• richardmitnick 8:44 pm on May 13, 2021 Permalink | Reply
    Tags: "How scientists are tuning in to the universe-man", (SARAO)-South African Radio Astronomy Observatory, , , , , ICRAR-International Centre for Radio Astronomy Research (AU), , ,   

    From Curtin University (AU) via phys.org : “How scientists are tuning in to the universe-man” 

    From Curtin University (AU)

    via

    phys.org

    May 13, 2021

    1
    An artist’s impression of a pulsar. Credit: International Centre for Radio Astronomy Research /Curtin University (AU)

    You’re driving down the freeway listening to the radio, but you’re getting static. Enjoy it. That’s the sounds of the universe.

    You’re driving down the freeway listening to the radio. Unfortunately, the radio is picking up some static. Sounds a bit rough, doesn’t it?

    It may surprise you to learn that static is actually the grand opera of the universe—stars, pulsars, galaxies—all of which blast out radio waves and have been doing so for billions of years.

    Yup, the car radio in your 2002 Honda Civic is tuned in to the universe, man.

    But while we all may be able to tune in to Cosmic FM, not all of us can make sense of the noise.

    That’s where Professor Steven Tingay comes in. He’s the Executive Director of the Curtin University CIRA Curtin Institute for Radio Astronomy (AU) at Curtin University and Deputy Executive Director at the International Center for Radio Astronomy Research (AU), a joint venture between Curtin University and the University of Western Australia (AU). And his team has found some pretty cool stuff in that static.

    Turning the cosmic dial

    Using the Murchison Widefield Array (MWA) telescope, a cutting-edge radio astronomy tech, Steven’s team has discovered a pulsar—a dense and rapidly spinning neutron star that pulses radio waves out into the universe.

    While this is the first pulsar detected by the MWA, which is situated in Western Australia’s remote Mid-West region, it’s sure to not be the last. Indeed, this find shows how many of today’s great discoveries aren’t made by traveling to new worlds but by just listening to what’s already around us.

    As Steven explains, “Each MWA antenna receives radio waves from all parts of the sky—all objects simultaneously, 24/7.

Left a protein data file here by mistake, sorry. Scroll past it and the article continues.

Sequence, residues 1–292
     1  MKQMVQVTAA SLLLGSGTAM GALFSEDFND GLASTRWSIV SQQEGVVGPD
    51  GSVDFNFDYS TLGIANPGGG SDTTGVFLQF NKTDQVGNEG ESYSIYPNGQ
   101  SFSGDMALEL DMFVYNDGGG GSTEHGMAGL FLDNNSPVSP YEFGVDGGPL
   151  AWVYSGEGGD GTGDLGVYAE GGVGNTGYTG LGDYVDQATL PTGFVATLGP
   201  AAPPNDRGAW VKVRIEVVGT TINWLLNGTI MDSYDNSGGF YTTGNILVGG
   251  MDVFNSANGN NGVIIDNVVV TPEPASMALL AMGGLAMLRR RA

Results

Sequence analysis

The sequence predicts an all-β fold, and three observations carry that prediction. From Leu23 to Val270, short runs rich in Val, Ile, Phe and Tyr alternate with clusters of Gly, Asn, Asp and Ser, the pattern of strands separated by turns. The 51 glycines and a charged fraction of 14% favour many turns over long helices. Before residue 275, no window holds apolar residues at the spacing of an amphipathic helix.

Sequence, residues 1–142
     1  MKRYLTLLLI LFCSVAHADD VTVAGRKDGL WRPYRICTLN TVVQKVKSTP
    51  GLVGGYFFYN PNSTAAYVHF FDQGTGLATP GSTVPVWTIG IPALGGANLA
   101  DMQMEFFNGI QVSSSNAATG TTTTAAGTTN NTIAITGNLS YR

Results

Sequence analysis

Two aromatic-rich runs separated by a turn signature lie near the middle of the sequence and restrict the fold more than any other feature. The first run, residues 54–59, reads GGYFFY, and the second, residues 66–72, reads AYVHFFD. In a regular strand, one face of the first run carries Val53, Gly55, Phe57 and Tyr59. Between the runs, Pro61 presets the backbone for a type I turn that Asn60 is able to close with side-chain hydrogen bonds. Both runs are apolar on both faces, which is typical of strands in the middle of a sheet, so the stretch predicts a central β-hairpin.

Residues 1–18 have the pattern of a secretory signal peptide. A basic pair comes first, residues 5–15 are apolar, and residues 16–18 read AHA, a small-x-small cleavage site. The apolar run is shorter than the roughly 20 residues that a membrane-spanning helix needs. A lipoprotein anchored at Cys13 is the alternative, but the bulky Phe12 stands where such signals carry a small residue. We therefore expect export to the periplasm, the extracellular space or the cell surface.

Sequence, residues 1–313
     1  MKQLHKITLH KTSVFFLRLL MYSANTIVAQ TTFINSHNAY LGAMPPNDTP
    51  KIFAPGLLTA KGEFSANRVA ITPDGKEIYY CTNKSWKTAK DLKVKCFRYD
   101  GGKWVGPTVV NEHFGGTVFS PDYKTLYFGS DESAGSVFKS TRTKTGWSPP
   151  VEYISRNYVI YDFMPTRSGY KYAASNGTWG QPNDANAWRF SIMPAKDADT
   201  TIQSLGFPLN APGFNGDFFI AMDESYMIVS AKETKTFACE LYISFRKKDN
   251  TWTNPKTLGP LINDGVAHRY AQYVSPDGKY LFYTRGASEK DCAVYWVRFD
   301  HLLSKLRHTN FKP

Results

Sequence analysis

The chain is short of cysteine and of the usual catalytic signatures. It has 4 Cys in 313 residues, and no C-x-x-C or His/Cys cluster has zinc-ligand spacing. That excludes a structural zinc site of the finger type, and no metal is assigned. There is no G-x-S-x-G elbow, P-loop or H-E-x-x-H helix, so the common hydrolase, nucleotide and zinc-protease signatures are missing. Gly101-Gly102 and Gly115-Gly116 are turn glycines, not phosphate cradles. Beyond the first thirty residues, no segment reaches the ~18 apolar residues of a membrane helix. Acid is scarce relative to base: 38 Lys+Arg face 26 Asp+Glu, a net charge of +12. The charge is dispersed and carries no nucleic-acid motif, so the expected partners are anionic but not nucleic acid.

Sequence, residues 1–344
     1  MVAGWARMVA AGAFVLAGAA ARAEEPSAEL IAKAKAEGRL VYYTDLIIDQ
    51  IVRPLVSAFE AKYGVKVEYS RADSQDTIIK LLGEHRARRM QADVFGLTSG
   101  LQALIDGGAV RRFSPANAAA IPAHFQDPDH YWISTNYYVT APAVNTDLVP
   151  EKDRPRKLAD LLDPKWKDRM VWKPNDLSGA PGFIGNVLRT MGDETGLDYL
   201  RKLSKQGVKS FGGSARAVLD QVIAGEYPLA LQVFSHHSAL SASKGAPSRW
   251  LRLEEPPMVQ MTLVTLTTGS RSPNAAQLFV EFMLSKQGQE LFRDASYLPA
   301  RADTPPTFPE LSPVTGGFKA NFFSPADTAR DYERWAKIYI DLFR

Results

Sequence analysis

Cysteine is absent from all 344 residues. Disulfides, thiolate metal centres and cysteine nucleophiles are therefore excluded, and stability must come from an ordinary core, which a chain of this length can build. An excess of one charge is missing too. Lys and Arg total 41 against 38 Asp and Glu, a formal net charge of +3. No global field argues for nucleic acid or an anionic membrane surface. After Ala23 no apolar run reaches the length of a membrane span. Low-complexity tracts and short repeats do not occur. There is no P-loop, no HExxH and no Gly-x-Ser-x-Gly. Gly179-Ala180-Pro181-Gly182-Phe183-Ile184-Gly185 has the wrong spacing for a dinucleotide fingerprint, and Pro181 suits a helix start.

Yet you may be wondering, if your car radio can pick up radio waves from the universe, what makes the MWA so cutting edge?

    Chunky data

    Tuning in to Cosmic FM is only the first step. The hard part is crunching the numbers.

    2
    One of 256 tiles of the SKA Murchison Widefield Array (AU) (MWA) radio telescope. Credit: Pete Wheeler, ICRAR

    “Once the MWA collects data, you need to process those data in different ways to extract different bits of information about different objects,” says Steven.

    “We can turn the radio waves into an enormously rich dataset, and you can process those data in lots of different ways to learn different things … as long as you can afford the computing power.”

    Indeed, if there is something limiting radio astronomers, it’s not their ability to pick up information. It’s the ability of computers to actually process the huge amounts of data.

    So far, the MWA has collected about 40 petabytes of data—that’s equivalent to 40 million gigabytes. And if you thought that was big, say hello to the Square Kilometer Array (SKA)


    Hip to be square

    One of the largest scientific endeavors in history, the SKA is a telescope with a lens of—you guessed it—a square kilometer. Although, importantly, it’s not one lens. It’s thousands of tiny lenses scattered across the world, from high-frequency dishes in South Africa to smaller low-frequency antennas in WA.


    “The MWA is comprised of 4000 individual antennas in WA, whereas the SKA will be comprised of more than 130,000 individual antennas in WA spread out over 120km.”

    “The SKA will be much more sensitive than the MWA and will be able to make images in much finer detail.”

    “MWA is 1% of what the SKA will be.”

    The final frontier

    That’s going to be a lot of data to crunch, but Steven is looking forward to using this incredible tool to ‘explore’ the last unexplored epoch in the universe’s evolution: its first billion years.

    “Within that first billion years, the first generation of stars and galaxies formed, setting the scene for the evolution of the universe.”

    Unlocking the mysteries of the first billion years of the universe? Let’s see your 2002 Honda Civic do that!

    So next time you’re driving down the freeway and can’t quite tune in to the cricket, just sit and enjoy the static for a moment. You’re listening to the biggest radio show in the universe, and it’s all about how we got here.

    See the full article here .

    five-ways-keep-your-child-safe-school-shootings

    Please help promote STEM in your local schools.

    Stem Education Coalition

    Curtin University (AU) (formerly known as Curtin University of Technology and Western Australian Institute of Technology) is an Australian public research university based in Bentley and Perth, Western Australia. The university is named after the 14th Prime Minister of Australia, John Curtin, and is the largest university in Western Australia, with over 58,000 students (as of 2016).

    Curtin would like to pay respect to the indigenous members of our community by acknowledging the traditional owners of the land on which the Perth campus is located, the Wadjuk people of the Nyungar Nation; and on our Kalgoorlie campus, the Wongutha people of the North-Eastern Goldfields.